Estimates suggest that between 17,000-50,000 satellites could be launched over the next 10 years, the vast majority of which will require onboard propulsion systems. Electric propulsion is particularly attractive because of its high fuel efficiency, and some of the most successful technologies employed to date include gridded ion and Hall thrusters. Such systems have historically used xenon as a propellant, however xenon is very rare and global production is both limited and susceptible to strong market fluctuations. An emerging alternative propellant is iodine which was first tested in space in 2020. Iodine is almost 100x cheaper than xenon, and in addition, can be stored unpressurized as a solid. While iodine has been successfully demonstrated as a propellant, several challenges remain in developing all-iodine electric propulsion systems, particularly with regards to neutralizers – electron emitting devices needed for the operation and/or neutralization of ion beams. Aside from challenges associated with iodine-compatible materials, the strong electron affinity and unique plasma chemistry of iodine can lead to the formation of large quantities of negative ions that affect the electron extraction capability of some neutralizers.

This is a theoretical/computational PhD project that will explore iodine-fuelled neutralizers for electric propulsion systems by taking advantage of recently calculated collision cross-sections to develop theoretical/numerical plasma models. This modelling will help to better understand fundamental iodine plasma discharge physics and aid in the development or proposal of future neutralizer technologies.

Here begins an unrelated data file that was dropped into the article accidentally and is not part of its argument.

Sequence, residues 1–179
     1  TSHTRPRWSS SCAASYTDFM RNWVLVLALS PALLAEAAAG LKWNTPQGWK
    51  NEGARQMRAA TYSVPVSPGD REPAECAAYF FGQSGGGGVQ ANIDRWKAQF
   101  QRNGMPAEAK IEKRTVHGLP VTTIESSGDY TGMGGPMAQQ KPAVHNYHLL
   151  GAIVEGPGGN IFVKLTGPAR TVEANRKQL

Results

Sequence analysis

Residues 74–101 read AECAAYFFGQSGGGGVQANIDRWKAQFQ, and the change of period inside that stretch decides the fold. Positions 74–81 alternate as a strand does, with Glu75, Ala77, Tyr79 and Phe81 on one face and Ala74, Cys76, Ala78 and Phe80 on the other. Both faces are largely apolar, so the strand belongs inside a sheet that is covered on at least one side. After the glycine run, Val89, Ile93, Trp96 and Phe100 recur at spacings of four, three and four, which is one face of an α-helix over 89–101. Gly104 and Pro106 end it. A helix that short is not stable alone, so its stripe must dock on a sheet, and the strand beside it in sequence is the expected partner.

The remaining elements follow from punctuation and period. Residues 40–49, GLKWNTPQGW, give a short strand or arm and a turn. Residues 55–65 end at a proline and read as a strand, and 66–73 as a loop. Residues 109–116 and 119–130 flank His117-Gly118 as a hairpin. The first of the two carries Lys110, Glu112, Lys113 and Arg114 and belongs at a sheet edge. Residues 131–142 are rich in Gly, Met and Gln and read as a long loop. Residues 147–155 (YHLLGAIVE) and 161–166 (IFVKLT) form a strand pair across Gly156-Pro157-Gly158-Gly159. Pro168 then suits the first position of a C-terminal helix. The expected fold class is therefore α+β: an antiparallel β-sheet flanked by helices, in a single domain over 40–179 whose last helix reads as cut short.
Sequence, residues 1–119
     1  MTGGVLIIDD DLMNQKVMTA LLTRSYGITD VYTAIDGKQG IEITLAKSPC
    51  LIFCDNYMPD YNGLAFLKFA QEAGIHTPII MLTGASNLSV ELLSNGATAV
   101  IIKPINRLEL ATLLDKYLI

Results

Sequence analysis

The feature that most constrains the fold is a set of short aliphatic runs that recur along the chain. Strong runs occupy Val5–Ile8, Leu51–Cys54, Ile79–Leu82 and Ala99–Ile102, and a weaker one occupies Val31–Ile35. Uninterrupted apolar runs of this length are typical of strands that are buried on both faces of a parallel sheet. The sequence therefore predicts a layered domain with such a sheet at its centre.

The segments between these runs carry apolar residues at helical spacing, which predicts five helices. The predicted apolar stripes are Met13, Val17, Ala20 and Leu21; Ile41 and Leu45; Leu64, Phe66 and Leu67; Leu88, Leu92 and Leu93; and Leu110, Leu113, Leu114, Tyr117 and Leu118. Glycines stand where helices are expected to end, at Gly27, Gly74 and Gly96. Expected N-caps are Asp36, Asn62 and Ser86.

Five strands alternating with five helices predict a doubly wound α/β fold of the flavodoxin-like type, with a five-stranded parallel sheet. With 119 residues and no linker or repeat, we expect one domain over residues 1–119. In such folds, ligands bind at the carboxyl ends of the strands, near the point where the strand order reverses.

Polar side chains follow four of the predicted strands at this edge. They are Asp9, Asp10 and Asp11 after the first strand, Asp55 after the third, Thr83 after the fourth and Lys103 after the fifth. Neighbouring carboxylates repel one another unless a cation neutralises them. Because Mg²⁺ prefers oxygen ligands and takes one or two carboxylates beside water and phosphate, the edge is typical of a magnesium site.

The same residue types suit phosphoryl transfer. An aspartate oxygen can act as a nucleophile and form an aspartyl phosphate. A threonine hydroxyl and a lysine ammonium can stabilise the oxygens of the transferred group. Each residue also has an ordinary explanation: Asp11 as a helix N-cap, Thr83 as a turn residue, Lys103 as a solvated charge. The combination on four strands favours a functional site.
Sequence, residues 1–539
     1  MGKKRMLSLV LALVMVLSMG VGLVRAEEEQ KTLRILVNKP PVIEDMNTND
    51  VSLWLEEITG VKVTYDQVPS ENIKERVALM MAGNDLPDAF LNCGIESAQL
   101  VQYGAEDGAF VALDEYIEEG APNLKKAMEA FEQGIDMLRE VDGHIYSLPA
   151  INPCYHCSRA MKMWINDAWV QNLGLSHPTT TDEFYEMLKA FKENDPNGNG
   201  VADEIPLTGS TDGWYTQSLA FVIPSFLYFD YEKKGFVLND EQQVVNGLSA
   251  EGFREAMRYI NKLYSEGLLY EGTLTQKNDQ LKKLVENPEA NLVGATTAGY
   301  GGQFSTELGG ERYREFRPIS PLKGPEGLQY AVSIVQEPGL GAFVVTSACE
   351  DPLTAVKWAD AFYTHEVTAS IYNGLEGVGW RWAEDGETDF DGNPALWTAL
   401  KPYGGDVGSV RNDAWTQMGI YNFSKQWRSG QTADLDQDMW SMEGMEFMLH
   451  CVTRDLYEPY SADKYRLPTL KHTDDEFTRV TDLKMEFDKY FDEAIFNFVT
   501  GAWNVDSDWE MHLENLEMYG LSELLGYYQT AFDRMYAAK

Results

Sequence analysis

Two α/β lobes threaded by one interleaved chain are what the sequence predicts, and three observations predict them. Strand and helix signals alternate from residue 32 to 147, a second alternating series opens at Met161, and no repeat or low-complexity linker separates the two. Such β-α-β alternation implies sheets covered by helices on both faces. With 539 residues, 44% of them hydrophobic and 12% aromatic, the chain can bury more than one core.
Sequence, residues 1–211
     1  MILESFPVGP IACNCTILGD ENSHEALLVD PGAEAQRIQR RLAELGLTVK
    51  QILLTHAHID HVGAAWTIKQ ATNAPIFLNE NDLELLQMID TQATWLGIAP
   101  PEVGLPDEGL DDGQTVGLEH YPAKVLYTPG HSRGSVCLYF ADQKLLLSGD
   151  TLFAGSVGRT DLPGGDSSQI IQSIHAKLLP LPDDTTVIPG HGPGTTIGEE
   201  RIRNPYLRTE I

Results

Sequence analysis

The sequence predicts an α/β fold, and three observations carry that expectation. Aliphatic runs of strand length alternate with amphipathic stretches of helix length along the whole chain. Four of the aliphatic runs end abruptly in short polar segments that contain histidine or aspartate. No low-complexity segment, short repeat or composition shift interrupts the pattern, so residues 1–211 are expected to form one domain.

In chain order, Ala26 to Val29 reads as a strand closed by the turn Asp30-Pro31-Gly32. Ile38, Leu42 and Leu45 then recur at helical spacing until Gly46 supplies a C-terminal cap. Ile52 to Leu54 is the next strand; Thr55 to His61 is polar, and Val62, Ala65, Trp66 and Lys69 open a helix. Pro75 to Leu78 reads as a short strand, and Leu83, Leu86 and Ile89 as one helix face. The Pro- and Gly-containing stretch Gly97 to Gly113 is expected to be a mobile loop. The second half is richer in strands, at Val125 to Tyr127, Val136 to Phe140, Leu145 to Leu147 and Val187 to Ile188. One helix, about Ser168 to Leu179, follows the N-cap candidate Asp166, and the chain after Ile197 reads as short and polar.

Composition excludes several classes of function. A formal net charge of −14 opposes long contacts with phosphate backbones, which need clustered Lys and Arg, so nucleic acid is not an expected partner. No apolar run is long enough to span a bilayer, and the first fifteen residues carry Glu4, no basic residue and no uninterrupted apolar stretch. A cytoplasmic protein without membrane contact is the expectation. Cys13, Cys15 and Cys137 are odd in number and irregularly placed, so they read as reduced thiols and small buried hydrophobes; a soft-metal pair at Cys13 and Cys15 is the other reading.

The project will be performed in collaboration with the Laboratoire de Physique des Plasmas (LPP) at Ecole Polytechnique situated just south of Paris, France. There is potential for a student to travel to France for several weeks during their PhD to perform iodine experiments at LPP and to interact with several leading researchers in electric propulsion.

The ideal candidate will have a background in physics and/or engineering with strong mathematical, programming, and communication skills. This project is open to domestic and international students.

How to Apply

Express your interest in this project by emailing Dr Trevor Lafleur at Include a copy of your CV and your academic transcript(s). 

School / Research Area

Engineering and Information Technology, UNSW Canberra

Lecturer, PG Space Program Coordinator George Bowden
Lecturer, PG Space Program Coordinator